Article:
- Limited to Sony headphones
- Supports Android 8+
- Supports high bit rates of 990kbps
- Supports 24-bit/94KHz
SAMSUNG SCALABLE Codecs
Samsung scalable codecs work similarly to APTX codec, the only difference is it works with only some Samsung devices particularly Samsung Galaxy S20 and Samsung Galaxy Buds Plus.
Samsung scalable codecs work by changing the bitrate dynamically ( 88kbps and 512kbps) and analyzing the radio frequency environment thereby preventing audio chopping. It also supports a wide range of bitrates.
It can maintain a stable connection by switching the bitrate depending on how stable the Bluetooth connection is. One fascinating thing about this codec is that it increases the compression ratio by lowering the bitrate as the strength of the Bluetooth connection decreases. This action might lower the audio quality but the connection will be maintained.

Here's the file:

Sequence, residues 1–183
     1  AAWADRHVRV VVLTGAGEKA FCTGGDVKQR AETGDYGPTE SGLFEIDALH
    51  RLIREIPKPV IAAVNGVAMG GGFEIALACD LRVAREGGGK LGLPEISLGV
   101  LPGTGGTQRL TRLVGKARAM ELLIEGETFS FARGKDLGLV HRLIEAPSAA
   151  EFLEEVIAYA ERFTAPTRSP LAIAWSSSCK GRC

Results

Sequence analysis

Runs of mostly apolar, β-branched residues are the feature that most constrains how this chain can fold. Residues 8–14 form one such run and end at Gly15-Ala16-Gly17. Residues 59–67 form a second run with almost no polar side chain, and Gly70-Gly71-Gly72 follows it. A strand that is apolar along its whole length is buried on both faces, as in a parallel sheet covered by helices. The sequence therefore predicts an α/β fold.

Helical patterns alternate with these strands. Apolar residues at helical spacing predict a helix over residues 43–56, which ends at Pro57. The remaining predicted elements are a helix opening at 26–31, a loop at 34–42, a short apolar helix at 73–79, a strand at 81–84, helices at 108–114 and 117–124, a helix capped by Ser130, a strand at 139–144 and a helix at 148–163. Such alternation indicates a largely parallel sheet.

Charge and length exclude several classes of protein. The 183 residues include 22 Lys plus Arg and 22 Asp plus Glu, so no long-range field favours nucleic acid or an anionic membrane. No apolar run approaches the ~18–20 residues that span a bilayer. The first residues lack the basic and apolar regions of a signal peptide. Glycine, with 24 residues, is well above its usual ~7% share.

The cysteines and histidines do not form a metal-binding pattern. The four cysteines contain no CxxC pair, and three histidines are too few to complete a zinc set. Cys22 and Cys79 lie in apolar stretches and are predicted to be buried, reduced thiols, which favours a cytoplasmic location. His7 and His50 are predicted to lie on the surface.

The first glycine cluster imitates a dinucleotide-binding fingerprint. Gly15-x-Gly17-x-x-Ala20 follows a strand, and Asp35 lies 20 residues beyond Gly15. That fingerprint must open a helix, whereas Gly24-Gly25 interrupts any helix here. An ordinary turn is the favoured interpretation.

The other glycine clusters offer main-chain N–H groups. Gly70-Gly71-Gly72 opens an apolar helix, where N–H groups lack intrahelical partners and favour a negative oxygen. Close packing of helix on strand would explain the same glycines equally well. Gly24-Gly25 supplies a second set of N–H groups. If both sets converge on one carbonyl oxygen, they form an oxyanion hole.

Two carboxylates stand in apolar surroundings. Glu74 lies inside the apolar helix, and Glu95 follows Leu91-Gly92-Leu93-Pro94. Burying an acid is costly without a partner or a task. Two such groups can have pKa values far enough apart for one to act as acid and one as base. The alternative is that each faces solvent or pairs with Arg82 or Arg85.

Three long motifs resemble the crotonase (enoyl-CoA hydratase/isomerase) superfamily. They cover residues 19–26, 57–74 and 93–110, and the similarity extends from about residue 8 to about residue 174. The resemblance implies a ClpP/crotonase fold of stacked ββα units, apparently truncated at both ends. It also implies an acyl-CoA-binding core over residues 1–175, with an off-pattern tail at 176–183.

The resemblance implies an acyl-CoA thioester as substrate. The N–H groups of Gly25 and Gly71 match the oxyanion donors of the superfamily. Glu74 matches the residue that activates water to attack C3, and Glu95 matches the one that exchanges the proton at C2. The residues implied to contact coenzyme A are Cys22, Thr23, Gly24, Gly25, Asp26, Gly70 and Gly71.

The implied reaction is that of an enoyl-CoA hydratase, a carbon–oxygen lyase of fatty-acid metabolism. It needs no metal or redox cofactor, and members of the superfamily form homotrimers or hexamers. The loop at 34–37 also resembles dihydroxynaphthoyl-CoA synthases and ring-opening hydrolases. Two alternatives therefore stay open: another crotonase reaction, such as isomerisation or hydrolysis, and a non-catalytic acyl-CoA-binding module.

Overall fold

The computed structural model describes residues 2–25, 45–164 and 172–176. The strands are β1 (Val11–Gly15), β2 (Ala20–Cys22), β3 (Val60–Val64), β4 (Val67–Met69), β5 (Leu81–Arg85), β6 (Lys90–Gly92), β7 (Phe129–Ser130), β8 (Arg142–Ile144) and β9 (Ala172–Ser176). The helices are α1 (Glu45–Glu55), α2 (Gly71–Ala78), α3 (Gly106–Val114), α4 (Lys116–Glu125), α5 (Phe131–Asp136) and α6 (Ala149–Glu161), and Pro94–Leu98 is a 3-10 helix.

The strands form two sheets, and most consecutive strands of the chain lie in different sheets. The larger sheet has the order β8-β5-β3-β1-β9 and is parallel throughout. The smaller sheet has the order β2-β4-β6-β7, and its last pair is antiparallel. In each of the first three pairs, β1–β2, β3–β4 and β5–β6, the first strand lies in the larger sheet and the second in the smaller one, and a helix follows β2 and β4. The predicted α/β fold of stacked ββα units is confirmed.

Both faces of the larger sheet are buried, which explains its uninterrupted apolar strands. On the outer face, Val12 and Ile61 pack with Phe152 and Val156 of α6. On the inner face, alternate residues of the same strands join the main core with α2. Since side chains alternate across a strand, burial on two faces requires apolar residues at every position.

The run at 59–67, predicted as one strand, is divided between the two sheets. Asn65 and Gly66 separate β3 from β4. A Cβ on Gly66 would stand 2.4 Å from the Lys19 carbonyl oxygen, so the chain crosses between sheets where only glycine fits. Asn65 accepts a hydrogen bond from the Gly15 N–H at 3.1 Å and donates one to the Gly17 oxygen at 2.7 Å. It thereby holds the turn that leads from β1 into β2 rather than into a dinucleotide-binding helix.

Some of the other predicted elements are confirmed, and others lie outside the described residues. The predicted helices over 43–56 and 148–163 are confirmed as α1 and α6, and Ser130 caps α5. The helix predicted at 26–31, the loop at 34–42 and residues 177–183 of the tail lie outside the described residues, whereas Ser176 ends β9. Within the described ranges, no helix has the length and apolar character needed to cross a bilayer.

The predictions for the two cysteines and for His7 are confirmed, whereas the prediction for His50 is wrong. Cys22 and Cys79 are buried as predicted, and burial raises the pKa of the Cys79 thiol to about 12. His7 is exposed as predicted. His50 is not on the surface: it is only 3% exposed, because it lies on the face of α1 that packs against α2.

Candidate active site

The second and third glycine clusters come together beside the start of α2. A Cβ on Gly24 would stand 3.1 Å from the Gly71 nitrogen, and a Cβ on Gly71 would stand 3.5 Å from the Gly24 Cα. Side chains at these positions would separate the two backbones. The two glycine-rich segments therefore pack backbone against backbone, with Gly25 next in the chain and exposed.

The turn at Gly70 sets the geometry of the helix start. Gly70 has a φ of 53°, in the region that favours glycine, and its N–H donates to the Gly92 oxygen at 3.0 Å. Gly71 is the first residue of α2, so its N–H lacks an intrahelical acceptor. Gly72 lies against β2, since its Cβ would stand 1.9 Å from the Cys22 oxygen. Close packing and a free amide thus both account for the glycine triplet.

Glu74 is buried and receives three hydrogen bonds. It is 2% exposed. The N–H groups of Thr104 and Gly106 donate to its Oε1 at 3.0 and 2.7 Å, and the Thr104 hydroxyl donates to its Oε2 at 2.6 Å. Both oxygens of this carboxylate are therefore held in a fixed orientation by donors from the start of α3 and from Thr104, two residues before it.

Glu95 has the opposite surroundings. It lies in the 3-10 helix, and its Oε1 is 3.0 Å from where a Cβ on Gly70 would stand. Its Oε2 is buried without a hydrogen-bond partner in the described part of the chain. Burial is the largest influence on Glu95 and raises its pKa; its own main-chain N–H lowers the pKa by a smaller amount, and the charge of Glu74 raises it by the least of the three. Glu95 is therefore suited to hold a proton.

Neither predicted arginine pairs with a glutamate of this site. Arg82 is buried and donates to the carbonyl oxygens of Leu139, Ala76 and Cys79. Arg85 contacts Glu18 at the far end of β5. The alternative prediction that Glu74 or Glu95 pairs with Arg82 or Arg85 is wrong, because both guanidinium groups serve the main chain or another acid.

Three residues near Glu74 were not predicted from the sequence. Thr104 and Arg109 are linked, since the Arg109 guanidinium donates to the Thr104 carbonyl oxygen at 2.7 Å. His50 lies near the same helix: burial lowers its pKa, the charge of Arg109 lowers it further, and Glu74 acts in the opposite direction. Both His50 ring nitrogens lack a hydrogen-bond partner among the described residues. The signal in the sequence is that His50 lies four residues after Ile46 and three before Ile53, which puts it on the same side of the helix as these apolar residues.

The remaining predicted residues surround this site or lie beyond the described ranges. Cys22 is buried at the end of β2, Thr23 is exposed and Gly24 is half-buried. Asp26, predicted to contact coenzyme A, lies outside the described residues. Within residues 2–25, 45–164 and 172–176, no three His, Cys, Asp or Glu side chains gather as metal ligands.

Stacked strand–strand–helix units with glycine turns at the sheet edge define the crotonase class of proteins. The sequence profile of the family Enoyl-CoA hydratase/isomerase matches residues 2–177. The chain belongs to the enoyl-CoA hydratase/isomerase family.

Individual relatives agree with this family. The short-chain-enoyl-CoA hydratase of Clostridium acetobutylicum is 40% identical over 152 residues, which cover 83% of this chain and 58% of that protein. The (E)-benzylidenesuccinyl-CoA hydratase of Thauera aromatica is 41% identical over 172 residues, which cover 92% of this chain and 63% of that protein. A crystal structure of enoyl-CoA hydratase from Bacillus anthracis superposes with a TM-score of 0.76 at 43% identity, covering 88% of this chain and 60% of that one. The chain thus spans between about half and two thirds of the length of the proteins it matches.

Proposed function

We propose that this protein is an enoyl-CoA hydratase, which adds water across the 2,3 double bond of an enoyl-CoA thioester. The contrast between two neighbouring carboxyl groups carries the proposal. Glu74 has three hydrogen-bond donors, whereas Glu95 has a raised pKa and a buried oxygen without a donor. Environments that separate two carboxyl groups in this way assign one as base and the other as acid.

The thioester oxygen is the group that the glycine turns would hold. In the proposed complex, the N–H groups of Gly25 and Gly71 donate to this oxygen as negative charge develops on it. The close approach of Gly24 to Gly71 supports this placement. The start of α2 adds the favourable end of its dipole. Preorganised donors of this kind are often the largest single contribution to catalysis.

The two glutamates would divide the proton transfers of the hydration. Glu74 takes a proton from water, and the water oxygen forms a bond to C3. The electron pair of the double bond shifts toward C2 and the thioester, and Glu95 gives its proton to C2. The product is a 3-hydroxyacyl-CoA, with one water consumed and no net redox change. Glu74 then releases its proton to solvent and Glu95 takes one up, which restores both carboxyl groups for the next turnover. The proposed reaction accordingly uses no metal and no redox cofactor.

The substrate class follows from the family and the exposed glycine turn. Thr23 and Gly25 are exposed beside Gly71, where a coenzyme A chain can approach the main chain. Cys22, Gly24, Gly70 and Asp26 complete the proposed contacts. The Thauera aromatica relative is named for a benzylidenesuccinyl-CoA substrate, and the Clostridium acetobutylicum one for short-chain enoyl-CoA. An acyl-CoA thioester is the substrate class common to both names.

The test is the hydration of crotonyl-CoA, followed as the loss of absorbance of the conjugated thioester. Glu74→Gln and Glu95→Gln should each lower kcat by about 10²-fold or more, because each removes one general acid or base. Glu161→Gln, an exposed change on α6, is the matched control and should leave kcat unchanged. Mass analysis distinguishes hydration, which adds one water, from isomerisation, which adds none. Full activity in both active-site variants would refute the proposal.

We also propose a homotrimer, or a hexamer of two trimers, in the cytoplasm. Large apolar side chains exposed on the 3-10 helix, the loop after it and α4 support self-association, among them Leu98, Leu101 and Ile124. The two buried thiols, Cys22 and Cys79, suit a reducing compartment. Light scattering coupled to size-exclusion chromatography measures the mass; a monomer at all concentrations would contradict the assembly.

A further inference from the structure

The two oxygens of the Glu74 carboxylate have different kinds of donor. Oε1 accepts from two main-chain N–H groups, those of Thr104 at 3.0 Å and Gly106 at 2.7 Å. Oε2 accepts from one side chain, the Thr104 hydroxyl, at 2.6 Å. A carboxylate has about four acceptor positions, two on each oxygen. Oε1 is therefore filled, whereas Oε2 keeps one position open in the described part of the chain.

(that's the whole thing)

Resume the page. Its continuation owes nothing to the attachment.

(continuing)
Bluetooth LE AUDIO L3 Codec
LC3 is a transparent codec. The L3 delivers aid to the deaf and hard-of-hearing patients by making a single source of Bluetooth stream to multiple Bluetooth passes. With LC3 codec, Bluetooth hearing aids can be able to stream audio (train departure information) while keeping the user aware of their surroundings.
Therefore, different broadcasts can be transmitted to a single pair of wireless earbuds. LC3 audio breaks up a single 160kbps stream into 80kbps each. This works great if you and a friend want to share a pair of earbuds.
Lets say, you’re at a pub watching a game with friends, you can use the left earbuds to switch to your preferred announcer and your friend can use the other earbuds to switch to the preferred announcer.
Some technical properties of the Bluetooth LE Audio L3 codecs include:
- Supports a wide range of usable bitrates
- Supports bit depths of 16, 24 and 32 bits per audio sample
- Supports a frame interval of 7.5ms to 10ms